On Thursday 13th June, Sir Philip Green spoke on UK national radio claiming he has saved his Arcadia retail empire from collapse. Announcing 50 stores in UK highstreets will close, with over 1000 job losses, it's not good news but the potential to be far worse. Meanwhile, Green has received media backlash for his lack of business attention whilst occupied with living on a luxury yacht in Monaco. Whatever role Green played in getting to the current situation is unimportant, the crucial fact is that his large retail group is behind the digital curve.
In today’s marketplace, all individuals and business either buy or inform their buying decisions on information that is received via digital channels. With the latest research showing that this trend is increasing.
Is Arcadia digitally enabled? Yes, it is. Can you buy Arcadia products online? Yes, you can. BUT the quality of the websites and the content on those sites is poor in comparison to leading competitors.
To find out compare the user journey experience between Miss Selfridge and H&M. Small things matter. There is, for example, a lot of white space and no chat facility on the Miss Selfridge site. These, apparently small, digital features improve the amount of time a potential buyer will stay on a website. More time spent browsing on a site will increase order values and conversion rates which then drives up revenue and profitability.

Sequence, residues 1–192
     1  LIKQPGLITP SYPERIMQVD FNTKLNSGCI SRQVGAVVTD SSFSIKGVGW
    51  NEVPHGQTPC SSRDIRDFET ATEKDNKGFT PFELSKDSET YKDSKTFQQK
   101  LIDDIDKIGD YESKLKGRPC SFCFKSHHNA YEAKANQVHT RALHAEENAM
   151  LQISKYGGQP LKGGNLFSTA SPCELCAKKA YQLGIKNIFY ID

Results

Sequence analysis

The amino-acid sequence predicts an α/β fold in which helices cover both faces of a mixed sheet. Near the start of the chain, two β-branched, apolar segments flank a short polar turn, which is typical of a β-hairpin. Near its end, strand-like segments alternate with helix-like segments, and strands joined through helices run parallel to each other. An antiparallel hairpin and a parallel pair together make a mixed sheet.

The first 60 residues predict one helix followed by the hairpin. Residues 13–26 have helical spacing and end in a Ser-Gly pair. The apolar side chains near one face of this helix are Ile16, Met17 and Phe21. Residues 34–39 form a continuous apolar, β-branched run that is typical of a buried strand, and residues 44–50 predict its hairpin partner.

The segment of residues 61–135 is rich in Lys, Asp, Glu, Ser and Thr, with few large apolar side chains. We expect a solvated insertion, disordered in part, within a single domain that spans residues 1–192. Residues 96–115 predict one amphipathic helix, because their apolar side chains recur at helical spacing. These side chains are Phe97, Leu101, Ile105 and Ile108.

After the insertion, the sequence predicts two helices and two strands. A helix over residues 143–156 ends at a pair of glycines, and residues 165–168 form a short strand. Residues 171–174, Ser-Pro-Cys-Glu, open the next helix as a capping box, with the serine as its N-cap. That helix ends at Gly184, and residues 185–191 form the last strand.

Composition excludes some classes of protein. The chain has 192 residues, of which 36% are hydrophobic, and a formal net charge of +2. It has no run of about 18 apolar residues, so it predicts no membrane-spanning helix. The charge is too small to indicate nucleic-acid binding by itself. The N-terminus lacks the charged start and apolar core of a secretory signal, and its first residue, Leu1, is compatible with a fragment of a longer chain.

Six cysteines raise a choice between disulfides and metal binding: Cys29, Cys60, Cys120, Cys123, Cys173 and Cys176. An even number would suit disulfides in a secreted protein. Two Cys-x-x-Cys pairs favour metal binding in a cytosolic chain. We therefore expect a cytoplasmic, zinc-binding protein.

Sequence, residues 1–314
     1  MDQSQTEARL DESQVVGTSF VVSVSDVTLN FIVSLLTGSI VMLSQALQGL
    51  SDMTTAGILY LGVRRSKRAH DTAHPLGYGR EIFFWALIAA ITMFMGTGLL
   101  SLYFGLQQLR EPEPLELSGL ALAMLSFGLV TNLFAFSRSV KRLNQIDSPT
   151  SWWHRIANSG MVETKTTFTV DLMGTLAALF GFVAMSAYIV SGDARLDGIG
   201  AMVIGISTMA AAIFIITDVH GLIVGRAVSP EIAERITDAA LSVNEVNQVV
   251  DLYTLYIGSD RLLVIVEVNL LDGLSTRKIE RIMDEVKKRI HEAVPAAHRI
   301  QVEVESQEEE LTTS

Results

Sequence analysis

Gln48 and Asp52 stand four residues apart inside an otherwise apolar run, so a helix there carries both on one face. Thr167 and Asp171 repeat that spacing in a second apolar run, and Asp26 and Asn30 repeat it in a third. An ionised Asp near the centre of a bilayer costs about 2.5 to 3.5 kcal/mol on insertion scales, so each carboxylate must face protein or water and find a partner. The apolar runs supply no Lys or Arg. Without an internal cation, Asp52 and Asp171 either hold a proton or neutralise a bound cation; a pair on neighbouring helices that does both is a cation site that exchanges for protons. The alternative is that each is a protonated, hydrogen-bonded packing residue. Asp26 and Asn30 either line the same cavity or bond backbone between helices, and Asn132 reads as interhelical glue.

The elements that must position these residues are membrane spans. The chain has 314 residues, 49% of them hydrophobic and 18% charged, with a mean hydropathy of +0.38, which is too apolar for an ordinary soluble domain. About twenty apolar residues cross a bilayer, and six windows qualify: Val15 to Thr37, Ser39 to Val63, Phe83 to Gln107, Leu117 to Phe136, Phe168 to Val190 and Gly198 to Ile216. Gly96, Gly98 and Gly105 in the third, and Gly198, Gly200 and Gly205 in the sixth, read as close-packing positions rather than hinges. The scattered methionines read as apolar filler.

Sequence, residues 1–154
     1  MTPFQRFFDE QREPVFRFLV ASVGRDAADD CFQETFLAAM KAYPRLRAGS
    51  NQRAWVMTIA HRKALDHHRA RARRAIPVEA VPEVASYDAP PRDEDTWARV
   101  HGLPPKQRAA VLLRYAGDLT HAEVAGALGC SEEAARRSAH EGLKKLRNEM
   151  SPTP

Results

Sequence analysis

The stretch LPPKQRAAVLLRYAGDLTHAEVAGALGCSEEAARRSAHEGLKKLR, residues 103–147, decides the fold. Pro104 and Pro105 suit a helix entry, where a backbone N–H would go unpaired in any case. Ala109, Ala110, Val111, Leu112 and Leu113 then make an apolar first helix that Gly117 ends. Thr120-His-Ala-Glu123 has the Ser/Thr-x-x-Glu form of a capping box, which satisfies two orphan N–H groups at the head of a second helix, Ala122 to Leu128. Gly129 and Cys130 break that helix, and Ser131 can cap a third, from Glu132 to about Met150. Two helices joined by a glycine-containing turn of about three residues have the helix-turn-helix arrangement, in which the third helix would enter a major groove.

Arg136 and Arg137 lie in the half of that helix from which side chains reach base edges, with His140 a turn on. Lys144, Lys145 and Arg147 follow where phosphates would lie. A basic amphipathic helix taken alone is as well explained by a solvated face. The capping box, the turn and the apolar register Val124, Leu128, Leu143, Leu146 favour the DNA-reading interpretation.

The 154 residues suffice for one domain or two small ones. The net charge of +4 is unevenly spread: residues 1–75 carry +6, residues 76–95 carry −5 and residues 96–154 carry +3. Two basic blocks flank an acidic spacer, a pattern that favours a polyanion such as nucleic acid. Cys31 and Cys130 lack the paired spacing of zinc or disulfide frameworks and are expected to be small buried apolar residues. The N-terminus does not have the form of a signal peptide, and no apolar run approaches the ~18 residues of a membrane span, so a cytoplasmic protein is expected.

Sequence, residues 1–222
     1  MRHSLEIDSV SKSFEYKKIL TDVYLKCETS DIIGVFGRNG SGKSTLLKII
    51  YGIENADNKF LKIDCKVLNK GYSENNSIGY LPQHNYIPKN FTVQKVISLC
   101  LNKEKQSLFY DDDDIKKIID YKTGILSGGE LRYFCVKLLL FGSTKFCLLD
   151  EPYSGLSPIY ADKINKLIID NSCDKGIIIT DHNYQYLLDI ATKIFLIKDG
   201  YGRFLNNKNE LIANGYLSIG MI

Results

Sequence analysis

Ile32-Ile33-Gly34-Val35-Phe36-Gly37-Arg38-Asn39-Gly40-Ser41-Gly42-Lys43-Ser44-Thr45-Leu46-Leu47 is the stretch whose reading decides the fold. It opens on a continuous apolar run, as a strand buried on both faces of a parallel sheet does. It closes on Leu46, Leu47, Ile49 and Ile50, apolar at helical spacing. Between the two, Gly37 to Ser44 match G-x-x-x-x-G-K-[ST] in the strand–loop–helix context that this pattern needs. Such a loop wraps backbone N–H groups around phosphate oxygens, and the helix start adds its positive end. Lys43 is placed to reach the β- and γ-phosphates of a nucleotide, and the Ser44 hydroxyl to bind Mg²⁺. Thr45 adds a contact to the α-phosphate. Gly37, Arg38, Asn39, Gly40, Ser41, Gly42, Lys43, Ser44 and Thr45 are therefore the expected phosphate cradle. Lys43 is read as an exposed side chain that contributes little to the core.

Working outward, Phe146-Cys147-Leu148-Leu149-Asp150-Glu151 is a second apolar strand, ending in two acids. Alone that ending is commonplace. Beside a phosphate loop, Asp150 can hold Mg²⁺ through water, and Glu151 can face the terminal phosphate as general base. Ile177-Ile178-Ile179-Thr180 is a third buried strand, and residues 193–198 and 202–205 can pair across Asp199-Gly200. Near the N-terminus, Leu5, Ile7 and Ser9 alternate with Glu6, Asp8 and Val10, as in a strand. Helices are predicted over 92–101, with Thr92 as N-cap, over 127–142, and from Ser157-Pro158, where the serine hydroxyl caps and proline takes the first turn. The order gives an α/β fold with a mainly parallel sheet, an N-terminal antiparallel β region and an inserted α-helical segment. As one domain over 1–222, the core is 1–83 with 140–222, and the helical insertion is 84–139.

The organisations with the best content and the best “feel” to their websites are the ones that will win. Market leaders ensure that every single interaction with a customer reinforces their brand's values. This is hard and requires a lot of attention to detail, but such management makes it happen. Retail organisations don’t put tarnished and sloppily organised products in their shop windows.
Likewise, traditional B2B market reps never pass on tarnished samples to prospects - only the best will do. However, when a website’s content falls behind its competitors this creates the digital equivalent of showcasing spoilt products.
Leaders in the digital space also use the freely available data from their site users browsing histories to help refine and develop their brand. Ensuring their brands trade on what customers want now, not what appealed to them in the past.
Consequentially, only the most digitally mature organisations in today’s marketplace will win. If you are not sure how digitally mature your organisation is? Then invest 10 minutes of your day to download and read “Will you grow or shrink in today’s marketplace?”
Philip Green acted too late, you don’t have to.